VIII. Social Structure and Social Learning: Theoretical Assumptions and Preliminary Evidence
Akers’s social learning theory has explained a considerable amount of the variation in criminal and deviant behavior at the individual level (see Akers & Jensen, 2006), and Akers (1998) recently extended it to posit an explanation for the variation in crime at the macrolevel. Akers’s social structure and social learning (SSSL) theory hypothesizes that there are social structural factors that have an indirect effect on individuals’ behavior. The indirect effect hypothesis is guided by the assumption that the effect of these social structural factors is operating through the social learning variables (i.e., differential association, definitions, differential reinforcement, and imitation) that have a direct effect on individuals’ decisions to engage in crime or deviance. Akers (1998; Akers & Sellers, 2004, p. 91) identified four specific domains of social structure wherein the social learning process can operate:
- Differential social organization refers to the structural correlates of crime in the community or society that affect the rates of crime and delinquency, including age composition, population density, and other attributes that lean societies, communities, and other social systems “toward relatively high or relatively low crime rates” (Akers, 1998, p. 332).
- Differential location in the social structure refers to sociodemographic characteristics of individuals and social groups that indicate their niches within the larger social structure. Class, gender, race and ethnicity, marital status, and age locate the positions and standing of persons and their roles, groups, or social categories in the overall social structure.
- Theoretically defined structural variables refer to anomie, class oppression, social disorganization, group conflict, patriarchy, and other concepts that have been used in one or more theories to identify criminogenic conditions of societies, communities, or groups.
- Differential social location refers to individuals’ membership in and relationship to primary, secondary, and reference groups such as the family, friendship/peer groups, leisure groups, colleagues, and work groups.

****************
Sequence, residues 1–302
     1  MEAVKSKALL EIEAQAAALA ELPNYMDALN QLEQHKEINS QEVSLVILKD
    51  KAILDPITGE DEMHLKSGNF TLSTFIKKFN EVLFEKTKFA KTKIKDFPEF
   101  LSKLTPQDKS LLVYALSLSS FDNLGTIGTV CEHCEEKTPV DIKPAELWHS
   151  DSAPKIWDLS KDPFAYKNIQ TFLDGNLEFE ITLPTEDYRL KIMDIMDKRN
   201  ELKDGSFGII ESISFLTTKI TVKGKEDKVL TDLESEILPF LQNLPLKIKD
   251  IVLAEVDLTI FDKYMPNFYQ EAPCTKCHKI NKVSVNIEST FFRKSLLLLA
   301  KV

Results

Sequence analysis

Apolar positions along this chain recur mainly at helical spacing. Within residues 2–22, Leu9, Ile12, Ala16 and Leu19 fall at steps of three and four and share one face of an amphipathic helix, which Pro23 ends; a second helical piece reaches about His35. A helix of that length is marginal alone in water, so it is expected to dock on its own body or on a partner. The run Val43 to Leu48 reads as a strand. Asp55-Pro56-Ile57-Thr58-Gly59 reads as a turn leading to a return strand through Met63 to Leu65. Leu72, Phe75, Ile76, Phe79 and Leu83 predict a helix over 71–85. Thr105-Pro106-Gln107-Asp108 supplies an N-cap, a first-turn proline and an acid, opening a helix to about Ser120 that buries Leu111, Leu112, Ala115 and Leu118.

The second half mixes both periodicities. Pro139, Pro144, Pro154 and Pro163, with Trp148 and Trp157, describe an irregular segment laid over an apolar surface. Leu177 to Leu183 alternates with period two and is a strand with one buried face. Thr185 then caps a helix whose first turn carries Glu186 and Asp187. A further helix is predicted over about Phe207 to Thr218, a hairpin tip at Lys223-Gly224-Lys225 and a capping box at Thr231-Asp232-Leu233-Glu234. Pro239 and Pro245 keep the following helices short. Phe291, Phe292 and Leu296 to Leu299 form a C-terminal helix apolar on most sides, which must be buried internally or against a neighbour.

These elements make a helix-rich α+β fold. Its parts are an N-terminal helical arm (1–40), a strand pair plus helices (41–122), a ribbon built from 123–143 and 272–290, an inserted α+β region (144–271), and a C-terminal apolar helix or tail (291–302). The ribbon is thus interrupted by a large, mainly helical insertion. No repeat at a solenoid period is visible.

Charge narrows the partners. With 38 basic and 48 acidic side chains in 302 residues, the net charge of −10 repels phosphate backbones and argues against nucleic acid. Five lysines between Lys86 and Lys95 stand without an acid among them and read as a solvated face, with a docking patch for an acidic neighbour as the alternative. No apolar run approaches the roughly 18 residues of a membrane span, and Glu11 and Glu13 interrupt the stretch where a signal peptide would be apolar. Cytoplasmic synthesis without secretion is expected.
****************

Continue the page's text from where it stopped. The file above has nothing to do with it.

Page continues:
With attention to these social structural domains, Akers contended that the differential social organization of society and community and the differential locations of individuals within the social structure (i.e., individuals’ gender, race, class, religious affiliation, etc.) provide the context in which learning occurs (Akers & Sellers, 2004, p. 91). Individuals’ decisions to engage in crime/deviance are thus a function of the environment wherein the learning takes place and the individuals’ exposure to deviant peers and attitudes, possession of definitions favorable to the commission of criminal or deviant acts, and interactions with deviant models. Stated in terms of a causal process, if the social learning variables mediate social structural effects on crime as hypothesized, then (a) the social structural variables should exhibit direct effects on the social learning variables; (b) the social structural variables should exert direct effects on the dependent variable; and (c) once the social learning variables are included in the model, these variables should demonstrate strong independent effects on the dependent variable, and the social structural variables should no longer exhibit direct effects on the dependent variable, or at least their direct effects should be substantially reduced.
Considering the relative novelty of Akers’s proposed social structure and social learning theory, only a handful of studies thus far have attempted to examine its theoretical assumptions and/or its mediation hypothesis. However, the few preliminary studies to date have demonstrated positive findings in support of social structure and social learning for delinquency and substance use, elderly alcohol abuse, rape, violence, binge drinking by college students, and variation in cross-national homicide rates (Akers & Jensen, 2006). Yet, despite the consistency of positive preliminary findings in support of Akers’s social structure and social learning theory, there are some non-supportive findings, and it is still too soon to make a definitive statement that social learning is the primary mediating force in the association between social structure and crime/deviance. Nevertheless, these few studies provide a suitable benchmark against which future studies testing the theory can build upon and improve.